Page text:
It is time to pass the baton. That’s according to James Norman the President and CEO of Rochester’s Action for a Better Community. For 25 years Norman has continued the organization’s work to provide support and opportunities to low income residents in an effort to help families achieve and maintain self-sufficiency. As of December 31, that work will be in someone else’s hands. But before he officially steps down Norman joins this edition of Need to Know to talk breakthroughs, challenges and what you need to know, but likely don’t about the Rochester region’s poverty crisis.
While school kids in Rochester are gearing up for summer break, the leader of the Rochester City School District is keeping her sleeves rolled up. For Superintendent Barbara Deane-Williams much-needed change within the city school system doesn’t happen with words, but actions. So what does she plan to do exactly?
Also on the show, it’s rare for voters to get a glimpse inside the personal lives of politicians. However, that’s about to change. A special segment gives viewers a unique look at the person behind the politician in this year’s mayoral race in Rochester.
Somalia. Bhutan. Nepal. The Democratic Republic of the Congo. Burma. These are a handful of the many nations represented among Rochester’s refugee population. While their ethnic and cultural backgrounds are quite different, their stories of survival and their paths to Rochester have similar themes. And on World Refugee Day, those stories will come together in an effort to advocate for refugee rights and build bridges when there may be misunderstanding.
There’s an opportunity gap that exists in urban education. For those who live in Monroe County, but outside the City of Rochester, this gap matters to them too. How? The fate of our suburbs is deeply connected to the livelihood of our cities, including our public schools. But closing that opportunity gap can happen. On this edition of Need to Know we learn how.
Guests include: Pedro Noguera, Ph.D., a renowned expert on public education in America, a sociologist and a Distinguished Professor of Education at UCLA and Shaun Nelms, Ed.D., an associate professor at the University of Rochester’s Warner School of Education and Superintendent of East High School.
Renowned sociologist, professor and education commentator Pedro Noguera is in Rochester to explain what it takes to bring equity and excellence to schools. He’ll join East High School Superintendent Shaun Nelms in our studio for this timely conversation on Need to Know.
Need to Know airs Thursday night at 8 p.m. on WXXI-TV.
Candidates in the race for Rochester mayor are painting a picture of what city schools might look like under their administration. Now that we’ve heard some of their plans, we hear from the School Board President. On this edition of Need to Know, Van White weighs in on their proposals, the Superintendent and his vision for what’s next in city schools.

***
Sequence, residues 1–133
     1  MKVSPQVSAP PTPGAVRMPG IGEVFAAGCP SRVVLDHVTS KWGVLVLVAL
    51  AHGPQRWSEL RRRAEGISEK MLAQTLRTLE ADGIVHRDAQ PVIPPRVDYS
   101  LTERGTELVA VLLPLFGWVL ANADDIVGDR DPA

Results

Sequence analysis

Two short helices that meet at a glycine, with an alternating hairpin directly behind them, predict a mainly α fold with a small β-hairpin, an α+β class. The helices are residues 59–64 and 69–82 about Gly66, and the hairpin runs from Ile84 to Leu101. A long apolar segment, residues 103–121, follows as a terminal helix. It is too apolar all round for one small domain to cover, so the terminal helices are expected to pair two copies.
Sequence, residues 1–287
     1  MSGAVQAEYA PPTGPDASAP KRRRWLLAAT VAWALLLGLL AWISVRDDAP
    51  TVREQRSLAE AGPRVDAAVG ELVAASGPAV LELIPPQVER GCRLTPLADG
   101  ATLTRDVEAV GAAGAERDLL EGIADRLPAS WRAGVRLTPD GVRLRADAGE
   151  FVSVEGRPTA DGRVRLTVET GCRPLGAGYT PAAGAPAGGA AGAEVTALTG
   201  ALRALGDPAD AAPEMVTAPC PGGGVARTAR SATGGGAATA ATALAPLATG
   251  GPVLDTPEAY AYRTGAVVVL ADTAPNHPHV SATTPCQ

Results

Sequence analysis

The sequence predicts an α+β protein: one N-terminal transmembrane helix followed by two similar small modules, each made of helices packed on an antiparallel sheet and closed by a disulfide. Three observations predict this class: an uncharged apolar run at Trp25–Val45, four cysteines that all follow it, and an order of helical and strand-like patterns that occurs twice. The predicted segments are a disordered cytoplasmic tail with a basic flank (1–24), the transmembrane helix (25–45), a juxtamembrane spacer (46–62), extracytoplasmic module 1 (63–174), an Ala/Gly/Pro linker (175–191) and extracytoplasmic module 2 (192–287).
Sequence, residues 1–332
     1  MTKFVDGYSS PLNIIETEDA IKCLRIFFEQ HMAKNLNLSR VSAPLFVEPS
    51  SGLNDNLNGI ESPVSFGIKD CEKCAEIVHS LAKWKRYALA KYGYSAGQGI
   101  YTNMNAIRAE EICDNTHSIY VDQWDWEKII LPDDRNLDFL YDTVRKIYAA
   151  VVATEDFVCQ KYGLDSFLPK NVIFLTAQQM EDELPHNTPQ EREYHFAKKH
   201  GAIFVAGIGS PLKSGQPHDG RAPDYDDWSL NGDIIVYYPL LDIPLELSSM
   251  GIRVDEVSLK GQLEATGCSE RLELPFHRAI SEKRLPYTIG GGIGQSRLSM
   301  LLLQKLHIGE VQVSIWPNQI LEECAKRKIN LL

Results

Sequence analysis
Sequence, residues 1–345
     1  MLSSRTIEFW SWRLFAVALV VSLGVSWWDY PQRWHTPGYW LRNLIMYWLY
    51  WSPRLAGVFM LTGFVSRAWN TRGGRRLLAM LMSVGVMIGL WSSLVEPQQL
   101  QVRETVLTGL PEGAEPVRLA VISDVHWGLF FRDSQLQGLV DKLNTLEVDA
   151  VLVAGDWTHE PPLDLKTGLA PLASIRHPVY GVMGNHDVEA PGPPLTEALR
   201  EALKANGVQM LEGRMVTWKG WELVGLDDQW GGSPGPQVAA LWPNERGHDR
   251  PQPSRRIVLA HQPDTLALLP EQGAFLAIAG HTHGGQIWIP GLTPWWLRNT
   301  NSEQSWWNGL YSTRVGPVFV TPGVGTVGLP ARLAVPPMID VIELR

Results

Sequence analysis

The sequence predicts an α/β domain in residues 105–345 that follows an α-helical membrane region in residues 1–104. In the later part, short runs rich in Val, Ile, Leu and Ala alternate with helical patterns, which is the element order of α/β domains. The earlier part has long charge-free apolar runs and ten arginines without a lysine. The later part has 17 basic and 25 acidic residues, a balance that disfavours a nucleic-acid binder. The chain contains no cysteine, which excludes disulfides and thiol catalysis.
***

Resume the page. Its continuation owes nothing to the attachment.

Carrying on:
Also on the show, our relatively warm forecast this week doesn’t change the fact that Lake Ontario remains at record high levels. Great Lakes reporter/producer Veronica Volk shares the stories of those impacted, mounting fears and next steps.
And we’ll meet a Rochester high school student utilizing her own life experiences for the sake of racial tolerance and understanding. She’s the latest to join WXXI’s “Top of the Class” series on Need to Know.
Anti-Semitic incidents are up 86 percent in the U.S. compared to the same time last year. That’s according to the Anti-Defamation League, a civil rights organization. Some of those acts of hatred against American Jews took place right here in Rochester. A public discussion on these events and how to respond to them to create a more tolerant community is taking place with area leaders and residents. The effort is being led by the Holocaust, Genocide and Human Rights Project out of Monroe Community College. On this edition of Need to Know we discuss the causes of religious bigotry and local work to bring more acceptance to Rochester.
He says Rochester is experiencing “a legacy of failed progressive Democratic philosophies.” So how would Republican mayoral candidate Tony Micciche change that legacy if elected to Rochester’s top spot? His campaign is focused on Rochester City schools, what he calls “wasteful” and “redundant” business regulations and a public safety plan intended to reduce crime and improve police-community relations among other issues. The candidate in the race for Rochester mayor and Monroe County Legislator Tony Micciche joins this edition of Need to Know to make his case.
He’s the only Republican contender in the fight for Rochester’s next mayor. And he calls this election a “battle of philosophies.” Why Monroe County Legislator Tony Micciche believes he’s the only candidate who will bring real change to this city. He makes his case on this edition of Need to Know.
Also on the show, we look into what’s driving hate speech, religious bigotry, and racial violence. How can communities like Rochester respond? We’ll hear about a community effort to bring tolerance to our neighborhoods and our nation.
And we’ll meet one of the brilliant minds in our local medical community researching rare diseases to help find treatment and a cure.